The Cuenca Municipal Council voted Friday night to ease most Covid-19 pandemic restrictions and, for the first time in almost 18 months, allowed bars and night clubs to reopen.
Among the changes approved was an increase in restaurant capacity to 75 percent, up from 50 percent and 30 percent for outdoor and indoor seating. Capacity for public events, including concerts and sporting events increases to 70 percent from 30 percent while social clubs, churches, museums and exhibition openings can increase their capacity to 75 percent.
Bars, discotheques and night clubs are allowed to operate at 50 percent capacity, as are game rooms, swimming pools and licensed brothels. The increase to 50 percent capacity also applies to gyms, dance studios and art and exercise classes.
In addition to boosting capacity limits, the council will allow restaurants and bars to remain open until 2 a.m. and allow private vehicles to circulate from 5 a.m. to 2 a.m. Previously, unless drivers had an emergency, vehicles were not allowed on public streets past 11 p.m.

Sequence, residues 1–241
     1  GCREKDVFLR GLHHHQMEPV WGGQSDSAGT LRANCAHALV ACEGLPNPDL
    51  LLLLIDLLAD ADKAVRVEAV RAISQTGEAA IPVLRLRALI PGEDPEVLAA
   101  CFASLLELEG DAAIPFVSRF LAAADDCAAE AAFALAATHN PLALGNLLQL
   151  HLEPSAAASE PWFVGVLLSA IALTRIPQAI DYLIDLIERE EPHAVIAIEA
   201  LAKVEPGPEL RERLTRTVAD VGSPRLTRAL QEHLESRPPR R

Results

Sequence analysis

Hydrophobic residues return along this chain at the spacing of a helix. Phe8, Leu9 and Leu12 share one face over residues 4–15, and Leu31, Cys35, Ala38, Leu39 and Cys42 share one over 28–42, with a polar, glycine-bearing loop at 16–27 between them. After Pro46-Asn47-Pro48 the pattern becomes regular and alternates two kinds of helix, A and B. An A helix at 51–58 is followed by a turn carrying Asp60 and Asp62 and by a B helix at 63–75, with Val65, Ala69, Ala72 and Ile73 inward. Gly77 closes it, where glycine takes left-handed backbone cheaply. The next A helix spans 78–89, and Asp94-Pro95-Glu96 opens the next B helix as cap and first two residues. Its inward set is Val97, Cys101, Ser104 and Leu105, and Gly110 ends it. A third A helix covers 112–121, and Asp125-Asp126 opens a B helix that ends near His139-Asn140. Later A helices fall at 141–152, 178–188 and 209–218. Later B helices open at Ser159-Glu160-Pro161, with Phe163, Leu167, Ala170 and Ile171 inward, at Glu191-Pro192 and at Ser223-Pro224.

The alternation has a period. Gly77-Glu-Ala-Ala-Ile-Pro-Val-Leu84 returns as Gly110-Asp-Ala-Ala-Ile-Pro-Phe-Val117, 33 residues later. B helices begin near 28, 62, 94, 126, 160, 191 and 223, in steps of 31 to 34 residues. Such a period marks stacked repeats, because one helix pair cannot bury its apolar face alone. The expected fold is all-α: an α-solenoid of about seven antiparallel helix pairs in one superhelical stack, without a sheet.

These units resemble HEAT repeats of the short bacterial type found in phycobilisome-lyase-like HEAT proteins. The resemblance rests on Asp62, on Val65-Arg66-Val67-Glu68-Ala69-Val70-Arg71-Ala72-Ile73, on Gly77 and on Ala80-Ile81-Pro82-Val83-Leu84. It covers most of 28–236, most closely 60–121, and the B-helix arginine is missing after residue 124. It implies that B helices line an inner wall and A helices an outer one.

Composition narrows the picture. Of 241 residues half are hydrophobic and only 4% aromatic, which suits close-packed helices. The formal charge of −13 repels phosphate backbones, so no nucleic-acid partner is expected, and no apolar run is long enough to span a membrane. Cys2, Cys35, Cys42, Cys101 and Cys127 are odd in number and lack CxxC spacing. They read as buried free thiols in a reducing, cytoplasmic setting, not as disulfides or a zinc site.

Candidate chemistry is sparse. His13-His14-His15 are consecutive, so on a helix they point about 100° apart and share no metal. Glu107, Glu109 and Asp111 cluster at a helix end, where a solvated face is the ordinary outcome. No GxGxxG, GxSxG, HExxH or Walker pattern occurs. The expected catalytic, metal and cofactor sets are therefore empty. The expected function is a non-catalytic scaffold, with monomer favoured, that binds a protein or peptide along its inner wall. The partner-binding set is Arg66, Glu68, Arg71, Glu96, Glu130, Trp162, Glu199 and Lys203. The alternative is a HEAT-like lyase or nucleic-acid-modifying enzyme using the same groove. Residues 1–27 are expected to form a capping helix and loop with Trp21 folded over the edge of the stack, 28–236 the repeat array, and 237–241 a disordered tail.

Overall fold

The use of private and public sports facilities, parks and other municipal public areas will now allow group participation while only individual activity was permitted before.
“We are very pleased we are able to make these adjustments in our effort to recover from the pandemic and we look forward in the near future to eliminating all restrictions,” Councilman Alfredo Aguilar said Friday night. “Our health ministry talks about a return to normal by January and Cuenca is leading the charge.”
Aguilar cited international recognition of Cuenca’s rapid recovery from the virus. “We are in the news because of our campaign to protect the public is working,” he said.
On Thursday, Covid-19 researcher Paul Elliot of Imperial College London singled out Cuenca for its remarkable recovery from the virus. “Ecuador, and particularly the Andean city of Cuenca, are showing us how we can emerge from the pandemic. Cuenca has vaccinated 95 percent of its elderly population as well as those with pre-existing medical conditions, and is now seeing only a handful of new cases. It’s truly amazing that a poor South American community is leading the world in recovering from the pandemic.”